One of the most valuable professional resources the Translation Committee has to offer is its model contract for literary translators, with a list of accompanying FAQs on rights and contracts. Of course contract issues deserve a full article of their own, so here we will note simply that, from a historical standpoint, the original version of the Translation Committee’s model contract—the first ever devised for literary translators—dates back to 1981. Since then, the Committee has continued to adapt the model contract to assert translators’ rights in response to changes in the publishing industry. Copyright and reversion of rights remain hot-button issues. A troubling number of U.S. publishers still prefer work-for-hire contracts, under which the translator surrenders ownership of his or her work to the publisher. To counter this and other unfavorable practices, the Committee is engaged in ongoing efforts to raise awareness among new, and even established, translators of contractual terms that are open to negotiation, as spelled out in the PEN model contract and FAQs. The American Literary Translators Association (ALTA) generously allowed us to place copies of the model contract in the registration packet of everyone who attended ALTA’s 2014 annual conference, in Milwaukee, putting the contract into the hands of over 300 translators. During the conference itself, the Translation Committee held a workshop on the model contract, to a standing-room-only audience.
What PEN does not have at its disposal, however, are lawyers to review contracts for members and comment or advocate on contractual questions as they arise. In the United Kingdom, these issues are primarily the purview of the Translators Association, a group within the Society of Authors, yet here in the United States, the analogous organization, our Authors Guild, while open to translators and highly active on behalf of authors’ contract rights, has no translators’ section. We are in contact with the leadership of both ALTA and the American Translators Association (ATA), which has a Literary Division, and we hope that together we may arrive at strategies for advocacy that put the strengths of each organization to best use, to the benefit of all translators.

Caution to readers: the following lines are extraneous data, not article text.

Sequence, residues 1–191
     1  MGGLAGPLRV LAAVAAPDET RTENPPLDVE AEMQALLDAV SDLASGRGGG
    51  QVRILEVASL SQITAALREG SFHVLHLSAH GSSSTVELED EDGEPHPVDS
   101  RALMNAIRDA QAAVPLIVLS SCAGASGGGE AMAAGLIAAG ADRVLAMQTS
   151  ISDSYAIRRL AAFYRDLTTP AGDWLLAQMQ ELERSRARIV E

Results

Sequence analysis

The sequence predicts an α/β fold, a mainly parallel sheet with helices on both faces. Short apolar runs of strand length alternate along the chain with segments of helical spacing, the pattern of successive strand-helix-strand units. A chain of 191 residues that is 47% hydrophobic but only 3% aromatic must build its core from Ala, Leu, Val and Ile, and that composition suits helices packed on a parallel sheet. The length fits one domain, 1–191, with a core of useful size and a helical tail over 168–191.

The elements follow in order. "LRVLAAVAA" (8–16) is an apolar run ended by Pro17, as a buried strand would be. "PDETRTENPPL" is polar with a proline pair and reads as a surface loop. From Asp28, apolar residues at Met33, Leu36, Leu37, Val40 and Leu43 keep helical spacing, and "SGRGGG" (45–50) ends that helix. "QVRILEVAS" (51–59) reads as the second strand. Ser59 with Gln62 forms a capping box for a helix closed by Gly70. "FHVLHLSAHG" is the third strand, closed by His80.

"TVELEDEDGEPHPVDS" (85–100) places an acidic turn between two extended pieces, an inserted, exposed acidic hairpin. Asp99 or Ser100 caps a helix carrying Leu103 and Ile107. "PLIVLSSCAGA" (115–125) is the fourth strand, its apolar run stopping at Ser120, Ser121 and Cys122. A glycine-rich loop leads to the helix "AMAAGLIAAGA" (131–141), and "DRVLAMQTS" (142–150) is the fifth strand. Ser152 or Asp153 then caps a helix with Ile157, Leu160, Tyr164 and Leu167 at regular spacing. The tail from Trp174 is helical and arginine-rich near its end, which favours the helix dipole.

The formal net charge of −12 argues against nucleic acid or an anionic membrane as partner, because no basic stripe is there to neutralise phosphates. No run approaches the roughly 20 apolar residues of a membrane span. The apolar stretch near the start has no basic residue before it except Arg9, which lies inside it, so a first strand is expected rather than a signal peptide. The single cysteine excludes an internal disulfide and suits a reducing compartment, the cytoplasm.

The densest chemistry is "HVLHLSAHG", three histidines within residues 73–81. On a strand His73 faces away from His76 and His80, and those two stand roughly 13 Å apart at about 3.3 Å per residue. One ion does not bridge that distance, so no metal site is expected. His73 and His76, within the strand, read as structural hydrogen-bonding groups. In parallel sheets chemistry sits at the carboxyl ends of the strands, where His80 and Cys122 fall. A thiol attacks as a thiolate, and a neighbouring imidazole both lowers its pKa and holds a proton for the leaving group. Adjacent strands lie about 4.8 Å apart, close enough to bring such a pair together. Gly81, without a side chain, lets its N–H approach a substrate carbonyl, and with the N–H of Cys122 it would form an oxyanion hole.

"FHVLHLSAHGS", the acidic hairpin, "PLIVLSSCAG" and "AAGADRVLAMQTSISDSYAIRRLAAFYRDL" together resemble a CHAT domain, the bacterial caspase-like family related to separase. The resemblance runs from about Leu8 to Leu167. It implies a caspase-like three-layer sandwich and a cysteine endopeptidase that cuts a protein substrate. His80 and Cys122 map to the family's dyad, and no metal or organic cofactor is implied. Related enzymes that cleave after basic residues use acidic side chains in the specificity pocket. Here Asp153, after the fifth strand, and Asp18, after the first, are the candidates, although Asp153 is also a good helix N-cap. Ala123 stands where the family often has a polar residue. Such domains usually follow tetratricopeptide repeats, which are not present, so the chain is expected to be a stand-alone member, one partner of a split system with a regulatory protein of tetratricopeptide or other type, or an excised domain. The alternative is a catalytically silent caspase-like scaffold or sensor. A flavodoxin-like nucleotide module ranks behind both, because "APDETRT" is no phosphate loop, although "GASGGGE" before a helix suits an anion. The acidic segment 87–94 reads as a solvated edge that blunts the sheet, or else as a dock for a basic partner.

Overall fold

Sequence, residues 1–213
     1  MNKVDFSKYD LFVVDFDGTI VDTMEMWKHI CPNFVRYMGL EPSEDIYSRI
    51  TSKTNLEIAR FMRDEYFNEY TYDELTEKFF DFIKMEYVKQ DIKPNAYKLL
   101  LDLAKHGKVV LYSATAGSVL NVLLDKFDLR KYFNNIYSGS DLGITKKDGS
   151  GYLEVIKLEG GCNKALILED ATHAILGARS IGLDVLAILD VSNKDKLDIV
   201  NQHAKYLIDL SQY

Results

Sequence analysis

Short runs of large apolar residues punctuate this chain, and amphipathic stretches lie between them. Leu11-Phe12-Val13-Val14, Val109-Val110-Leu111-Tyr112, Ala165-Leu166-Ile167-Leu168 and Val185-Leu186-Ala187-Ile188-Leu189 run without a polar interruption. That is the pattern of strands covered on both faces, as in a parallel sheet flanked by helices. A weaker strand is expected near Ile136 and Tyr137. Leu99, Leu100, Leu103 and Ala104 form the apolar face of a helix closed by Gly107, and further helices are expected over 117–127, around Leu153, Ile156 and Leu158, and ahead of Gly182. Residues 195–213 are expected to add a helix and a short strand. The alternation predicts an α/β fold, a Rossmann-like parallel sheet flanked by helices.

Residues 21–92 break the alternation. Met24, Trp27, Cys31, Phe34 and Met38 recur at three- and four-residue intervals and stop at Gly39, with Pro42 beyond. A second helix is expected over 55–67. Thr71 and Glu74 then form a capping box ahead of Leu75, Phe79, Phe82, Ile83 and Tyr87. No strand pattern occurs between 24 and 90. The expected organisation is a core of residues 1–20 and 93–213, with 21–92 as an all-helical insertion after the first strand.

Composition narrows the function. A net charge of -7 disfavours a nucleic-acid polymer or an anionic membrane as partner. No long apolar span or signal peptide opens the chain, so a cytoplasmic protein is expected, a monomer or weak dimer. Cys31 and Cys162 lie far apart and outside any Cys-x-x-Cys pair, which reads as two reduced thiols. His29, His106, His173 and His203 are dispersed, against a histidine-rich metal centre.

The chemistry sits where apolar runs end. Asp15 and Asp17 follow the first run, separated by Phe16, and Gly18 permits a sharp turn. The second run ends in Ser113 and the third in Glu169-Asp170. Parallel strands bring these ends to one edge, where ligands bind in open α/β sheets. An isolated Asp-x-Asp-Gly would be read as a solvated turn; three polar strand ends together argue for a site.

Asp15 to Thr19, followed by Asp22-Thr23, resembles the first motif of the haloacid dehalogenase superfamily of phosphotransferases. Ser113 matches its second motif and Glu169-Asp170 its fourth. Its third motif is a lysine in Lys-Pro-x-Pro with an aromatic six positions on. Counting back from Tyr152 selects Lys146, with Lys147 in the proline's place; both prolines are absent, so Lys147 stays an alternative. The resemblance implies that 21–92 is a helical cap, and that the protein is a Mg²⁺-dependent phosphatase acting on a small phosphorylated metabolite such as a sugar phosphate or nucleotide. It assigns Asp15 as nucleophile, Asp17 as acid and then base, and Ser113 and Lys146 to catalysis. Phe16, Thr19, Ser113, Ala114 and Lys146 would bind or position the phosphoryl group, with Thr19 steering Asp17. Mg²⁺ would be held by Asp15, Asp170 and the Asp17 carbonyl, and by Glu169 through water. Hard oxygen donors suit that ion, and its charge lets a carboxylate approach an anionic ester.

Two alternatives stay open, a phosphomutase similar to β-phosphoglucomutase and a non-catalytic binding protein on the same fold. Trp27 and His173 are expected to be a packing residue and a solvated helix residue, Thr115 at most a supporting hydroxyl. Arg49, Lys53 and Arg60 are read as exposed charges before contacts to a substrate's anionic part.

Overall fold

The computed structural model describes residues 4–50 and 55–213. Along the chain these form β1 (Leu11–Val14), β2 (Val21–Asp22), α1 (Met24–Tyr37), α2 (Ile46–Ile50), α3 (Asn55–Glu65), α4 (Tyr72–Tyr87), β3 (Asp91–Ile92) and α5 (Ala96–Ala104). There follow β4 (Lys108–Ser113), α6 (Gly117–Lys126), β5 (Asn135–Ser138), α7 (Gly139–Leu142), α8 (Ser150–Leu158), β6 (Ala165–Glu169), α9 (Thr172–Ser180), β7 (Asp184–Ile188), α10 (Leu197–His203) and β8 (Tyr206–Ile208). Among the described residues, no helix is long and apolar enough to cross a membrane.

Because it is part of PEN, an international organization whose mission is twofold—to protect freedom of expression and to promote literature—the Translation Committee has also engaged in human rights advocacy. In fall 2014, for example, a member of the Committee alerted us that the Jordanian poet Amjad Nasser, a British citizen, was barred from boarding a plane at Heathrow Airport in London for a flight to the United States, where he had been invited to give a talk at New York University. In an article about the incident, “When Your Name Is on the Blacklist,” translated into English by Sinan Antoon, Nasser described the conversation he had over the phone with a representative of the U.S. Department of Homeland Security. It was more of an interrogation than a conversation, in fact, and after two hours it ended in Nasser being told he was not allowed to board the plane to New York—which at that point had in any case become moot, since the plane had already taken off.
“What is the reason?” Nasser asked.
“I cannot disclose that,” the DHS official replied.
“Do I not have a right to know the reason?”
“Just like that?”
“Just like that.”
The Translation Committee forwarded Nasser’s article to the executive director of the PEN American Center and the head of PEN America’s Free Expression Programs, asking them to consider making a statement on the issue, which, as we wrote, “directly concerns the mission of PEN to uphold both literature and free expression.” Five days later, the executive director of Split This Rock, a national network of socially engaged poets, joined PEN America’s executive director in publishing an open letter to the secretary of the Department of Homeland Security, calling on DHS to review its decision to bar Nasser from entering the United States, “to clearly set out the criteria” it had used to make the decision, and either to tell Nasser why he was not let in or grant him entry. Meanwhile, to draw attention to the incident and emphasize that Nasser was invited to speak because of his artistic achievements rather than his political views, the Translation Committee solicited translations of Nasser’s poems by Fady Joudah and Sinan Antoon, which ran on the PEN America blog. The story was covered in the Washington Post, including a link to the poems. Of course the true test of the action’s effectiveness will come the next time Nasser is invited to speak in this country, but it was a powerful example of the role translators can play in standing up for their fellow artists when their rights are violated, a role we hope to develop at the Translation Committee over the coming years.
Our predecessors over the past decade and a half—Susan Bernofsky, Michael Moore, and Esther Allen—have set a high bar in their advancement of literary translation and translators’ rights. At the end of our three-year term, we hope to leave the Committee with an equally admirable record, and are especially eager to empower more of our members to play an active role. We are also encouraged by the growing communication and joint work by literary translators on either side of the Atlantic, and look forward to sharing in that common effort.